Lonni Jackson is Executive Director at The Mustard Seed Foundation, in Falls Church, VA, where he oversees their granting in Europe and Africa. He has been on PCP’s steering committee since 2017, serving as its chair from 2019 – 2022. Ask Lonni about raising service dogs, working at a foundation as it sunsets, and anything related to the Seattle Seahawks. Lonni has three adult children: Charlie, Nathan and Grace, and lives with his wife Cheryl in Falls Church, Virginia. You can email him at ljackson@msfdn.org

Thirteen years ago I attended my first PCP conference, at Reynolds Plantation, Georgia.  The group was winsomely known as PIGS (Professionals in Grantmaking Society), and the vibe was very much an “Old Boys” club.  That is not to say people were uninviting or cliquish.  I was simply intimidated walking amongst the giants of Maclellan and Murdock, Cornerstone and Stewardship.  These people knew what they were doing, had been doing it a long time, and spoke philanthropy lingo I had not yet mastered.  What could I contribute to such a group? 

Yet I also detected something special there. I sensed that important conversations were happening all around me – conversations that went deeper than a desire just for “professional development.”  Because I felt out of my league, I didn’t seriously consider returning to PIGS. But in the ensuing years I also couldn’t shake the sense that there was more for me in this community of believers who, like me, sought to build God’s kingdom through an unusual profession working in unique spaces. Moreover, I began to wonder if perhaps I might have something to give back to the community as well.

In 2017 that nagging sense finally prompted me to return to PIGS, now renamed Professionals in Christian Philanthropy. The gathering immediately felt different. Christian philanthropy was (and continues to be) changing rapidly, with lots of new staff, and even new foundations, launching into the work and grappling with challenging issues and questions. The vibe was more dynamic. The “giants” were still there – thank goodness! – but in a group that was growing and had many new faces, they helped keep the gathering intimate; grounded.   

PCP now seemed like a true community of give and take. I did both – give and take – at that conference in 2017, and was delighted to realize how valuable both were. I’d found both my voice and my people, and decided I’d be coming back every year. I also wanted to find ways to get more involved, and doing so proved incredibly rewarding.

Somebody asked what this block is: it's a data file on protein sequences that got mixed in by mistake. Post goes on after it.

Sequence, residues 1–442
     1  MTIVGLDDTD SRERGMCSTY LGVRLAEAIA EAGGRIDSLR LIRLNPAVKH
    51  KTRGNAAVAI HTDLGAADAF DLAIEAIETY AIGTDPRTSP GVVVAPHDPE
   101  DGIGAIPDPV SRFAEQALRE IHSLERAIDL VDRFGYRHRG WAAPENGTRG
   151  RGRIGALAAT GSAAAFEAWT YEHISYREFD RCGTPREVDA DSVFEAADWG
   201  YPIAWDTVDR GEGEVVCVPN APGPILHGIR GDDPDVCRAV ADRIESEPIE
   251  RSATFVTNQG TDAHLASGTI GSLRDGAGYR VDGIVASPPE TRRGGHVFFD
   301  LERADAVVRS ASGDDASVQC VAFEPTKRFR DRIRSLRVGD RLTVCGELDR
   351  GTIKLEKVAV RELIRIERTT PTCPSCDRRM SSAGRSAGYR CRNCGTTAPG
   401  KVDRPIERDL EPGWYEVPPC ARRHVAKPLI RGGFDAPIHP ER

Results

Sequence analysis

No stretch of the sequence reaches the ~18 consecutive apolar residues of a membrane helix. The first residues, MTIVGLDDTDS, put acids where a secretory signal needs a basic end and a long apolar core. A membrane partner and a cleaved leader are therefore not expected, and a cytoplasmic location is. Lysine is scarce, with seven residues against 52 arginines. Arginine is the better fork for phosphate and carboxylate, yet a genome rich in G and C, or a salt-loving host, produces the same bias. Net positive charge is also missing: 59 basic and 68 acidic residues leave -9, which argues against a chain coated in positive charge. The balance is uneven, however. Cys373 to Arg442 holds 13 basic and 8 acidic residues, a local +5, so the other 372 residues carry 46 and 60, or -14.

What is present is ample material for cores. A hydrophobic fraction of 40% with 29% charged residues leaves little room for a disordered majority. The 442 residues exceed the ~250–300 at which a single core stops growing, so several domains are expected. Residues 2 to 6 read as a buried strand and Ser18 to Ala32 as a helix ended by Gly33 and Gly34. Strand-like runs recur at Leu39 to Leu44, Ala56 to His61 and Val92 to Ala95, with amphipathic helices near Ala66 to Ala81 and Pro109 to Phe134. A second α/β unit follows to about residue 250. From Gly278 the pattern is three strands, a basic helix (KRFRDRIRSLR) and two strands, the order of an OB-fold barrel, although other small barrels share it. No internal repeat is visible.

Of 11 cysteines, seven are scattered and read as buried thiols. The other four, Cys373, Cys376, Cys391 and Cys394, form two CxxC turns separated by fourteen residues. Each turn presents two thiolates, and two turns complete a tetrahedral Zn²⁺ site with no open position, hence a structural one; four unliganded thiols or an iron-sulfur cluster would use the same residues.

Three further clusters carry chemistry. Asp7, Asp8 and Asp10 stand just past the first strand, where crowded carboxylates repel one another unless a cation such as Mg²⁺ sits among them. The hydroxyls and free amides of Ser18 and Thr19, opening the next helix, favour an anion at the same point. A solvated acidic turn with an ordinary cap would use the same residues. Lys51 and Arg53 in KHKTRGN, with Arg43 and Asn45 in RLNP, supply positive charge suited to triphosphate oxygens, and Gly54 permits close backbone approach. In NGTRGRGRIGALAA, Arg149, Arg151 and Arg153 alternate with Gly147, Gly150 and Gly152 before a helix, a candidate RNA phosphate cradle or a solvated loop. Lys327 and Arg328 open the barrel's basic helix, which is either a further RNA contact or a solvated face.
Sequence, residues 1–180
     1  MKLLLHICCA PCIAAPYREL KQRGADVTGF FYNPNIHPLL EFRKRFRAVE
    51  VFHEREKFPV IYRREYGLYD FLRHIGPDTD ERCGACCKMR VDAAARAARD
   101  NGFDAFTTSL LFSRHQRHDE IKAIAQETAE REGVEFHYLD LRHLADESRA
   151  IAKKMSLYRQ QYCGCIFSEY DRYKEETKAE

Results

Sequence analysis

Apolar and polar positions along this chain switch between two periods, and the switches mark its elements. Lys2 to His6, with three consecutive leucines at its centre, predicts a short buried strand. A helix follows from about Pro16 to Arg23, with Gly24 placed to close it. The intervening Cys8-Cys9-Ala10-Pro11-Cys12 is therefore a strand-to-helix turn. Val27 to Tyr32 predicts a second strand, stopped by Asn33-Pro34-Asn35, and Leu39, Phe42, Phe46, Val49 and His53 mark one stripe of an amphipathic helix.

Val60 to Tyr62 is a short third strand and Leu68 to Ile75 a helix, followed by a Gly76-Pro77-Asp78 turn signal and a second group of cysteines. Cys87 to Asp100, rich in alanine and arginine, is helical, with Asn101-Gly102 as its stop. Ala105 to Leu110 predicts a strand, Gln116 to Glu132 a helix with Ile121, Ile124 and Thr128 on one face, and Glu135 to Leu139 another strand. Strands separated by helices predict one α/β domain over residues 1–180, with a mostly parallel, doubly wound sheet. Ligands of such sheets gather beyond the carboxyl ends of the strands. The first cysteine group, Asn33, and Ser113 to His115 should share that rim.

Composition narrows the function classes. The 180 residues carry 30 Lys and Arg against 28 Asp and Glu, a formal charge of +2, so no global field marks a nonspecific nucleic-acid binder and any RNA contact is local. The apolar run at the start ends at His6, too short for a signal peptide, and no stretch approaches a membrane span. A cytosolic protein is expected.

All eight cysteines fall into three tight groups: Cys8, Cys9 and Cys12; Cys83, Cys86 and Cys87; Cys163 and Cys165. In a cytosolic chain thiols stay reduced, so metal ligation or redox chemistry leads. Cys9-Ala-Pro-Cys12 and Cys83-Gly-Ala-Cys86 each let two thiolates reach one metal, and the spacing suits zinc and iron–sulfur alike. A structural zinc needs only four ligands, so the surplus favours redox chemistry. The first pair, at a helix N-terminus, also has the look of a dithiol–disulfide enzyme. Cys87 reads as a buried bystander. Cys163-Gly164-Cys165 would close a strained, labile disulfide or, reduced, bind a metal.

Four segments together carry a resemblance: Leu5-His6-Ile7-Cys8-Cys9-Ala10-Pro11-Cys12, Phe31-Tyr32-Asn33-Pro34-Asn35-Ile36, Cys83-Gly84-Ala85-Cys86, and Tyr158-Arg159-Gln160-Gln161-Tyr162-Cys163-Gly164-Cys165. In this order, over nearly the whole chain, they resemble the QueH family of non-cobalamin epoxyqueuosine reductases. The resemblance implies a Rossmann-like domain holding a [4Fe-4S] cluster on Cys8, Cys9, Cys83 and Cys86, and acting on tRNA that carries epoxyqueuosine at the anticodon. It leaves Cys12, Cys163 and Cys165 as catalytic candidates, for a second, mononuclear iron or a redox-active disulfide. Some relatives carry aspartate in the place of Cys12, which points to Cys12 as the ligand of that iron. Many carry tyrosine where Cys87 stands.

Last month, sitting in the Great Hall at Glen Eyrie’s Castle during our conference, I scanned the room and marveled at how far we have come since my first conference in 2010, and even since my “renewal” in 2017.  PCP continues to grow, with our membership now twice what it was just six years ago. We’re enriched by the perspective, experience, questions, and wisdom each new member brings, and enlivened by the give and take across all members of our community. Our offerings to our community are also more robust than ever before.

But more than the numbers, I marveled at the expanded senses of purpose and community that animate PCP. These have always been embedded in our group, but now they have become our hallmarks. On the final day of the conference Steve Mayer shared a vision for PCP that the Steering Committee is asking us all to consider, and I am excited about it.  He spoke about every member being plugged into an active network that will enable us to realize our collective potential and kingdom impact. He also spoke about making the big room small, working to keep that sweet sense of intimacy we all value. Still scanning the Great Hall, and with this vision for PCP in mind, I wondered what our annual conference might look like five or six years from now.  

I believe it will be a room full of colleagues. Some will be greeting friends they’ve known for years or even decades. Others will be coming for the first time, but they will be meeting in person people they’ve worked with in cohorts or communities of practice. The conference will still be a major touchstone for our community, but will be only one of many times throughout the year that members gather (virtually or otherwise) around shared questions, problems, and opportunities. New and old PCP members will explore new topics, pilot new ideas, and find new shared interests with each other.

The future envisioned for PCP is one in which the relationships in our community grow deeper even as they grow in number. It is one in which the community enables its members to grow their kingdom impact, and one in which we can accomplish more together than we could apart. Being a part of this purposeful community has been one of my true joys over the past six years. I can’t wait to see what the next six years bring.

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  1. Marcus Witzke on June 21, 2023 at 11:57 pm

    Dear Loni, great to hear your story. I still have a similar feeling from my first conference in 2015 till now. Working more togher globally to reach our goals and fullfil the great commission is joy and inducement for me.

  2. Lonni Jackson on June 25, 2023 at 3:35 pm

    Thanks for your kind words Marcus. God calls us to live and work in community. PCP has been (and is) such an important part of my journey.

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